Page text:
Cohesin deficiency and myeloid expansion: from mechanisms of action to novel therapeutic routes
Almost 50% of all acute myeloid leukemias (AML) in elderly patients occur secondary to age-related pre-leukemic conditions known as myelodysplastic syndromes (MDS). The evolution from MDS to AML ultimately leads to a dismal prognosis. Recent evidence has shown that cohesin member mutations predispose towards premature hematopoietic aging, MDS and leukemic progression. Cohesin is an epigenetic complex that controls the interaction between promoters and enhancers and, therefore, supervises transcription.
We and others have shown that cohesin actively maintains gene regulatory homeostasis, with deficiency of cohesin subunits preferentially impairing inducible gene expression, such as the terminal erythroid differentiation, lymphoid maturation or interferon response. Conversely, our newer data show that cohesin is dispensable for the myeloid commitment. Moreover, cohesin-deficient myeloid progenitors surprisingly express abundant H3K27ac (an activation histone mark) at myeloid development genes, where they redistribute the remaining cohesin. These events phenotypically lead to myeloid expansion. We note a similar pattern in a murine Flt3-ITD/Npm1c AML model. Here, cohesin perturbation upregulates a transcriptional program of immune checkpoints and leukemic stem cell (LSC) markers and causes an increase of >100x the number of LSCs.
With this project, I propose that a comprehensive evaluation of causes and paths of cohesin deficiency-associated myeloid proliferation, both in normal hematopoiesis and in models of MDS and AML, will identify opportunities of prevention of AML progression. Based on this hypothesis, I aim to discover the mechanisms that dictate the myeloid expansion in cohesin deficient hematopoiesis and establish therapeutic strategies to either prevent disease progression or to specifically target cohesin-mutated myeloid neoplasia.
Mentor: Univ.-Prof. Dr. med. Matthias Theobald, III. Medical Department (Hematology, Oncology, Pneumonology)
1. Sasca D, Yun H, Giotopoulos G, Szybinski J, Evan T, Wilson NK, Gerstung M, Gallipoli P, Green AR, Hills R, Russell N, Osborne CS, Papaemmanuil E, Göttgens B, Campbell P, Huntly BJP. Cohesin-dependent regulation of gene expression during differentiation is lost in Cohesin-mutated myeloid malignancies. Blood. 134 (24), 2195-2208 2019 Dec 12.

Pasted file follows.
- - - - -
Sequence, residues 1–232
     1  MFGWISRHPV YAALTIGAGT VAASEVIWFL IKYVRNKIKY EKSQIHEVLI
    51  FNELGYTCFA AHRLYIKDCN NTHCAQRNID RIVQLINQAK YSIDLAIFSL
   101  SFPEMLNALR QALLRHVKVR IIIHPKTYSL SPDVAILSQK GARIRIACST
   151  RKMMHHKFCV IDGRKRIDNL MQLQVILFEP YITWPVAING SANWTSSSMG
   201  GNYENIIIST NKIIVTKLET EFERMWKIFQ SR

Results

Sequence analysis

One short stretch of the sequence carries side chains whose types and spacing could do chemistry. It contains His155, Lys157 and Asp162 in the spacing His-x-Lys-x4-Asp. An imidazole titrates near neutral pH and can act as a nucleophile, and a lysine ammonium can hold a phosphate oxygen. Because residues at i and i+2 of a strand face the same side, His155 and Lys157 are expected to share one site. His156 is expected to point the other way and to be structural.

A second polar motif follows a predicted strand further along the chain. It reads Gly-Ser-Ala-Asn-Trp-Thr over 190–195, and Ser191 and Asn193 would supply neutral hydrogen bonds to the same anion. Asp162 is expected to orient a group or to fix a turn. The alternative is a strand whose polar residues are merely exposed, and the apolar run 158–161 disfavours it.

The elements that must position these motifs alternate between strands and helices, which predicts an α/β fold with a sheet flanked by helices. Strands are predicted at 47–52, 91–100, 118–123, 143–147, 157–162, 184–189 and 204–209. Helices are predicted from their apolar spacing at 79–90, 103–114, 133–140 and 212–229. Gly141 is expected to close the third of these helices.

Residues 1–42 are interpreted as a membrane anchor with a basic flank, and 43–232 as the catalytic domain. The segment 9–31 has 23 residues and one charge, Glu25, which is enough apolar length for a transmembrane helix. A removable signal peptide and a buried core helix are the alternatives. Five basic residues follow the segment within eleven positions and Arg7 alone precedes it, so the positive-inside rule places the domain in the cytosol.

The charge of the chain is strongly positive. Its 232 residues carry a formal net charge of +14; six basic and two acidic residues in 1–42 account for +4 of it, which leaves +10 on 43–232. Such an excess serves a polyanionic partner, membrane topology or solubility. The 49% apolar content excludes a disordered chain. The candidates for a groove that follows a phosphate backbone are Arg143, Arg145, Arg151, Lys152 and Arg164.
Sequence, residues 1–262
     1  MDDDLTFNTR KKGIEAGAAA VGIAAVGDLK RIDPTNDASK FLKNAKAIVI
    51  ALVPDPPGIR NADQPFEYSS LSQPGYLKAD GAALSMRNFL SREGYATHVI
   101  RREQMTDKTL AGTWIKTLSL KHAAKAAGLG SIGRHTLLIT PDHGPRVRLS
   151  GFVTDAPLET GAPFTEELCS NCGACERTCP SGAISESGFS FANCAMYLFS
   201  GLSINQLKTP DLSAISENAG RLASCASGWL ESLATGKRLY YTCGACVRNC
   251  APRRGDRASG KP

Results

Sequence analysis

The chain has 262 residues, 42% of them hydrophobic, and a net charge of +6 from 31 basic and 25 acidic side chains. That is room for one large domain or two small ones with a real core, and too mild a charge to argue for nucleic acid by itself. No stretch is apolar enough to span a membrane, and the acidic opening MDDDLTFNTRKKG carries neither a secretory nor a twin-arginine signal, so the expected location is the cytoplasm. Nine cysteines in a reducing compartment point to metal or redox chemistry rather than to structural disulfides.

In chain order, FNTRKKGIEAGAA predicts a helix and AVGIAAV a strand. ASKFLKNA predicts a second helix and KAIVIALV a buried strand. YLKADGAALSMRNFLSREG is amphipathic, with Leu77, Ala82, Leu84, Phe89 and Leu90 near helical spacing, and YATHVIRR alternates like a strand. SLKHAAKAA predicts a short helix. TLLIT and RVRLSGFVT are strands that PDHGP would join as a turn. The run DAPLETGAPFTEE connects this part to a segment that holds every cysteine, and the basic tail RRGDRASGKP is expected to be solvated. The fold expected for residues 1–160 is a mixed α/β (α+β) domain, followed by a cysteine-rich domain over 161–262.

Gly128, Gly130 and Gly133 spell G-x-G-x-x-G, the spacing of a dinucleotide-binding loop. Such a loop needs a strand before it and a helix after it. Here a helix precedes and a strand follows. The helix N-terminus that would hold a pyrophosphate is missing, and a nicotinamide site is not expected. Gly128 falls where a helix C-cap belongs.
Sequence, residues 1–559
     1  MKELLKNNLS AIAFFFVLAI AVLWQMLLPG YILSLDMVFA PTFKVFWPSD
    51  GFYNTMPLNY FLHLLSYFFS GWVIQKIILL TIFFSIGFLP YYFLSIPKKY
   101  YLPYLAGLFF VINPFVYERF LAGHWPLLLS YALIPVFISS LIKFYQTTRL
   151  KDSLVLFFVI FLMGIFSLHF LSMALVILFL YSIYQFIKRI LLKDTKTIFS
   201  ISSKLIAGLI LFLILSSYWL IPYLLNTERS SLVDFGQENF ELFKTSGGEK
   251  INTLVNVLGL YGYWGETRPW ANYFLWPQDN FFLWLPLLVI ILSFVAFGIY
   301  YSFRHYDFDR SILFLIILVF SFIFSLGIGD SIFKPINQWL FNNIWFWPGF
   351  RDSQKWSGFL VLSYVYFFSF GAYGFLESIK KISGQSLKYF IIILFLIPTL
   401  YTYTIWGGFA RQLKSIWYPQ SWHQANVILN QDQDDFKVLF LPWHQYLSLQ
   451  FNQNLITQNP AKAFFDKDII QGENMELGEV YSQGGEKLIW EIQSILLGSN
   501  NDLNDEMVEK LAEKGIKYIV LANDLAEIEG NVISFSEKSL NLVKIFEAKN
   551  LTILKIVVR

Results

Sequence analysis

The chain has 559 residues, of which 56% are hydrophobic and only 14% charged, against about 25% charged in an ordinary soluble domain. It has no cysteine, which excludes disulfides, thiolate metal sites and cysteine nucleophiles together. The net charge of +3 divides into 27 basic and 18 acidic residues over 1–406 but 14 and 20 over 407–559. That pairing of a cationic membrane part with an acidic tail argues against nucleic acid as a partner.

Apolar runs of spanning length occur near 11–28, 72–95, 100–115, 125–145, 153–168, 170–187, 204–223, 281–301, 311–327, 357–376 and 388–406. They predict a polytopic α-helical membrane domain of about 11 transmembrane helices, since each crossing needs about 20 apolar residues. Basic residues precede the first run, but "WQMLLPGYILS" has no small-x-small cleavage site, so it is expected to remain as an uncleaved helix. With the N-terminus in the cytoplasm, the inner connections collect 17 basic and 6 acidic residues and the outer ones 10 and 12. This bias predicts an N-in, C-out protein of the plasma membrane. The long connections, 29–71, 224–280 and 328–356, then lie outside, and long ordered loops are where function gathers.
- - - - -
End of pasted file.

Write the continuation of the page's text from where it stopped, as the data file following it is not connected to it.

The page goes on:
2. Sasca D, Szybinski J, Schüler A, Shah V, Heidelberger J, Haehnel PS, Dolnik A, Kriege O, Fehr EM, Gebhardt WH, Reid G, Scholl C, Theobald M, Bullinger L, Beli P, Kindler T. NCAM1 (CD56) promotes leukemogenesis and confers drug resistance in AML. Blood. 2019 May 23;133(21):2305-2319.
3. Sasca D, Hähnel PS, Szybinski J, Khawaja K, Kriege O, Pante SV, Bullinger L, Strand S, Strand D, Theobald M, Kindler T. SIRT1 prevents genotoxic stress induced p53 activation in acute myeloid leukemia. Blood. 2014 Jul 3;124(1):121-33.
4. Yun H, Narayan N, Vohra S, Mupo A, Giotopoulos G, Madrigal P, Sasca D, Lara-Astasio D, Horton SJ, Agrawal-Singh S, Meduri E, Basheer F, Marando L, Gozdecka M, Dovey OM, Castillo-Venzor A, Wang X, Gallipoli P, Müller-Tidow C, Osborne CS, Vassiliou GS, Huntly BJP. Mutational synergy coordinately remodels chromatin accessibility, enhancer landscape and 3-Dimensional DNA topology to alter gene expression during leukemia induction. Nature Genetics 2021 Sep 23.
5. Shah V#, Giotopoulos G#, Osaki H#, Meyerhöfer M, Meduri E, Schubert B, Yun H, Horton SJ, Agrawal-Singh S, Haehnel PS, Basheer F, Kühn MWM, Guezguez B, Theobald M, Kindler T, Gallipoli P, Prinjha RK, Huntly BJP*, Sasca D*. Acute resistance to BET inhibitors remodels compensatory remodeling programs via p300 co-activation. *equal contribution and correspondence. Revised manuscript in preparation, pre-print doi: doi.org/10.1101/2022.09.14.507850.
* Shared first authorship; # Co-corresponding authorship